My birthday is coming up and so my girlfriend approaches me:
‘Hey! You’ve always wanted a nice watch, right?’
‘Yeah, actually. I’ve been thinking about buying myself one for some time now.’
‘So hypothetically, if I were to buy a hypothetical person a watch for his or her hypothetical birthday, what kind of watch would that hypothetical person like?’
I never thought about that. I like watches, but I don’t know anything about them.
‘I think I’ll start looking around and I’ll let you know if I see something nice. You know, hypothetically speaking.’
That day I started looking into things. What brands are there? What are the differences between certain types of watches? Wat materials are used? What makes a good watch good? I also send a message to one of my good friends. He’s a fanatic when it comes to watches. He knows everything about them. That and cars. It’s freaky really. I ask him the same questions and he gives me some good answers. Above all, he warns me about drop shipping. For those who don’t know: Drop shipping is the practice of buying cheap goods, rebranding them as something more expensive, and selling them for a hefty premium. This was especially a problem for so called fashion watches: watches that are not build for their quality or features, but only to look good. Not something I would fall for, surely?
The next day my girlfriend showed me some pictures of different watches to get my reaction. She was especially fond of a brand called Sem Lewis. It looked nice, but I was kind of sceptical, because I’d never really heard of them. In fairness, the only names that I really knew were Casio and Seiko (and only because my father owned one of each). But there was something fishy about it. The site it was sold on didn’t really look like a reputable seller. When I googled their name followed by words like quality, durability, and review, I could only find their own site or blog posts who were without a doubt sponsored. I couldn’t find any unbiased review. So, I send a message to my friend.
‘Do you know this brand called Sem Lewis?’
‘The brand doesn’t really ring any bells, but I can say with 99% certainty that it’s a case of drop shipping. All of their watches are generic designs with a logo stuck to them.’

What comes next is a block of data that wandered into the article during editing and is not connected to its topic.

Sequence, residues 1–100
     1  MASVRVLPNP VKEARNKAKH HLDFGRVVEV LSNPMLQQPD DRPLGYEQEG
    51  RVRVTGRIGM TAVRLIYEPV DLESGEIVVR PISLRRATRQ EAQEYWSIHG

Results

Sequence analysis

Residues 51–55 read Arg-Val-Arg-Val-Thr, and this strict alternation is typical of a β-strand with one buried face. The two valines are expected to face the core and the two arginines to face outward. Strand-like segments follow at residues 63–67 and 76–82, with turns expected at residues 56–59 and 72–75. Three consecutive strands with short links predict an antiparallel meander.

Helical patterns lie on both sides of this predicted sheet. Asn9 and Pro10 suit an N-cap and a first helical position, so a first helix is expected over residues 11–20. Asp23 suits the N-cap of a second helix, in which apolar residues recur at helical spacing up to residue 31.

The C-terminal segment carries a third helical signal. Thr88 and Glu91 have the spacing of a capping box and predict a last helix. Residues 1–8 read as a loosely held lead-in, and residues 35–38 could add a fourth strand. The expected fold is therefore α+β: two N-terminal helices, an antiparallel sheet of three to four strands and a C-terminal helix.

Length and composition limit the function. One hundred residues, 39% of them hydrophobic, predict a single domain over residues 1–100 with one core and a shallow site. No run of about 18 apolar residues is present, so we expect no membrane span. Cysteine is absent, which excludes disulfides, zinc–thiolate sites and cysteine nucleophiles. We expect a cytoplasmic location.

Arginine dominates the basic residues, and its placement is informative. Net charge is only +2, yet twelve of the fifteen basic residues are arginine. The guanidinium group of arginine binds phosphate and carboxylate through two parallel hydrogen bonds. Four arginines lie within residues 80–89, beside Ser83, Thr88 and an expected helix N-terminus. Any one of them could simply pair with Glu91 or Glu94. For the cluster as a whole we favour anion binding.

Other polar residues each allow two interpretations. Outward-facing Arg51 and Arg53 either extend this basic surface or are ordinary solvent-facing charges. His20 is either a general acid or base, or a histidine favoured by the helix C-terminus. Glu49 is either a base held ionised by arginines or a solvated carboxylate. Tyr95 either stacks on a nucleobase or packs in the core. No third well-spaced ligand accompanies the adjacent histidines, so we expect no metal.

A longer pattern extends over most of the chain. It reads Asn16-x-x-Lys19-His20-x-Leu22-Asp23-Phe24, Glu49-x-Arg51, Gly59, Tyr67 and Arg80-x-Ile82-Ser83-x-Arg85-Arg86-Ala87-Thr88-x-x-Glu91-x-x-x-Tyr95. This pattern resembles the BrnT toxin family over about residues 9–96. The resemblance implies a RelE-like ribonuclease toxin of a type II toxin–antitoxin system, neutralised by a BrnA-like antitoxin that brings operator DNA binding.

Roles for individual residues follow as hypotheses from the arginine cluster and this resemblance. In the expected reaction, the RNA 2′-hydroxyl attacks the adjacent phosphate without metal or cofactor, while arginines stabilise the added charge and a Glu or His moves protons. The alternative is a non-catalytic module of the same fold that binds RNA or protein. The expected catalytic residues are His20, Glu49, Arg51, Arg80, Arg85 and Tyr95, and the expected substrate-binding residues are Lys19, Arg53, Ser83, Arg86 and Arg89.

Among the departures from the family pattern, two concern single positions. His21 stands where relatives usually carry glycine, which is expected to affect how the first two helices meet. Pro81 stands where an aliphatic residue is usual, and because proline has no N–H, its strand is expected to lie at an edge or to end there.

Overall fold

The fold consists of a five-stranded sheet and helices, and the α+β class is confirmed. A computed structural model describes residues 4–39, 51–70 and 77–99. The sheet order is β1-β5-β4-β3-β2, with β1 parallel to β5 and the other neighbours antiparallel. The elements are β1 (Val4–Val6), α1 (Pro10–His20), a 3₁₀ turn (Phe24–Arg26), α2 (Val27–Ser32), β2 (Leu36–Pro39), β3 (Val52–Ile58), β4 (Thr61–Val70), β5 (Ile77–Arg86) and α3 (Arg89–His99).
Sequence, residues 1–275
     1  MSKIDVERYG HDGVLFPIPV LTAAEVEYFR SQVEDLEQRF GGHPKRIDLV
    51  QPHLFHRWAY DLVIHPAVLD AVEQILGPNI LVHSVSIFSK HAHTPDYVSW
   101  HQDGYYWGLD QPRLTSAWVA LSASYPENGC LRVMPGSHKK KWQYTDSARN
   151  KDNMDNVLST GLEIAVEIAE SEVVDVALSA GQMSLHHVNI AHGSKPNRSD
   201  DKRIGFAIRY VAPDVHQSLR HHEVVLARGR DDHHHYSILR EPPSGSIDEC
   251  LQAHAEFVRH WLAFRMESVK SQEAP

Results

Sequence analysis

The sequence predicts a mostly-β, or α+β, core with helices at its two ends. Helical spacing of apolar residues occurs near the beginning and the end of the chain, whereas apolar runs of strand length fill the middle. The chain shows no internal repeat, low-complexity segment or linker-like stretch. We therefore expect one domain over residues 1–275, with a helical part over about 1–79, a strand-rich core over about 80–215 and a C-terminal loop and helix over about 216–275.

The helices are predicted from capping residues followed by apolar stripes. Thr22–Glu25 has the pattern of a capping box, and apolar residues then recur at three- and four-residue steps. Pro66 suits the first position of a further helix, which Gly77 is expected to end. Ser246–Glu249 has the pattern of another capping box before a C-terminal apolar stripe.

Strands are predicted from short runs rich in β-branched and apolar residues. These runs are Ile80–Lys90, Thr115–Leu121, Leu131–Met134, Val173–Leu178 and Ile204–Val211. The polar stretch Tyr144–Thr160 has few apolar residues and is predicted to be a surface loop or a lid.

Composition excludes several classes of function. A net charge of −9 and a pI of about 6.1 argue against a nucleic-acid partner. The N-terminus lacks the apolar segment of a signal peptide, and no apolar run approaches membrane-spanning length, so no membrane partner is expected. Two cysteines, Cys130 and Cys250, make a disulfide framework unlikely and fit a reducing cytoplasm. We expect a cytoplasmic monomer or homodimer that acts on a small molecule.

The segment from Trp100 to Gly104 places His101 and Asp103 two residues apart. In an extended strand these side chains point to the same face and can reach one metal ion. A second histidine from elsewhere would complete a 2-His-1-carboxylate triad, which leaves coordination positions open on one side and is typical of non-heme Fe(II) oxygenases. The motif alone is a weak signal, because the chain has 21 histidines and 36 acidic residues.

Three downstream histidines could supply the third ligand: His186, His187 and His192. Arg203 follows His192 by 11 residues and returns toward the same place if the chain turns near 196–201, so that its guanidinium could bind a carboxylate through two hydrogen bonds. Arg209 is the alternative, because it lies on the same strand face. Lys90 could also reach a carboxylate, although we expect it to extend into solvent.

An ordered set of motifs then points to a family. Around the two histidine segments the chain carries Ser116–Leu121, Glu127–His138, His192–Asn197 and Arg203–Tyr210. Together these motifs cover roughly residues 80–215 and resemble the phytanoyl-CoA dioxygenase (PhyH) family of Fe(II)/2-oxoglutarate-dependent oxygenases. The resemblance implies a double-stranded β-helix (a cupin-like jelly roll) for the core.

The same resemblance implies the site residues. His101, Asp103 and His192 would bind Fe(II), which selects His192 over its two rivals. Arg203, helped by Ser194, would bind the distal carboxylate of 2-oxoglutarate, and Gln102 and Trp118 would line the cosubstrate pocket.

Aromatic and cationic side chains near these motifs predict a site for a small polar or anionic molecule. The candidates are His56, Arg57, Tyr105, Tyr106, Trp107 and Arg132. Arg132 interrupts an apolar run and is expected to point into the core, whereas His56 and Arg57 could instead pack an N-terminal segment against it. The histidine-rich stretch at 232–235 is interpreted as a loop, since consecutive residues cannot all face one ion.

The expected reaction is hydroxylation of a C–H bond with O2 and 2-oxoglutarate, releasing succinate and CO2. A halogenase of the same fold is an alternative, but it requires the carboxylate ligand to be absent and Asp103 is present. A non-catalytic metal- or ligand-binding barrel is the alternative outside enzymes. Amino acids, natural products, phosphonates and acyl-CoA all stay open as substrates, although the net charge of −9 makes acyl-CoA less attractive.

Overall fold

Within a minute he sends me a picture of the exact same model, only without the branding, for about one tenth the price.
Now, at this point it wasn’t about my birthday present anymore. At least not to me. I wanted to know how I could spot the difference between a good watch (i.e. a watch from a respectable brand that was worth the money) and a bad watch (i.e. a drop shipped fashion watch that I could buy for a fraction of the cost in China).
And so, I started scouring the internet for different brands and models, looking at their differences in design, materials used, marketing, and so forth. One of the first brands that popped up was Daniel Wellington; a sleek, stylish, and minimalist type of watch. It did not only show up in my direct search results, but also in my Instagram feed! A perfect indicator that something is a drop shipped product. Most drop shippers promote their products through social media. This is because, at first, no respectable reseller will sell their products. The quality is just too low. This is done in 2 main ways. First: direct advertisements. I think everyone has seen these kinds of ads. They are also clearly recognisable, because they usually have a distinct mark that says sponsored or advertisement. If it’s clothing, tech, or household appliances; they’re everywhere on your feed. My friend even got a Sem Lewis right after he googled the brand.
The second way that these brands market their product is a little harder to spot: sponsored posts. I think nowadays everyone knows what an influencer is, but not all their posts and content is clearly identifiable as an advertisement. If you look up Daniel Wellington on Instagram, you are bombarded with photos of people wearing and praising them for their elegant and luxurious products. I’m serious, try it. But this is a whole bunch of hogwash of course. As it turns out, similarly build designs from other brands are sold at about half the price of a new Daniel Wellington. The quartz movement (the stuff that actually makes the watch do what it does) costs about 5 euros. Estimates claim that the entire fabrication process of the watch is not much more than that, even thought the watches go for about 170 euros online.
Daniel Wellington is so successful with their online marketing that nowadays it, as well as similar brands like MVMT, can be bought in almost every physical store. It has embedded itself in a new generation as THE fashion watch. The company was founded in 2011 by a swede named Filip Tysander. He was not a watchmaker; he was a businessman. Up until the end of 2015, Daniel Wellington had a 3-year revenue growth of 4700% (yes, THOUSAND) and in 2017 Daniel Wellington became the fastest growing private company in Europe. If there was ever a company that showed how effective social media marketing can be, then it would be Daniel Wellington.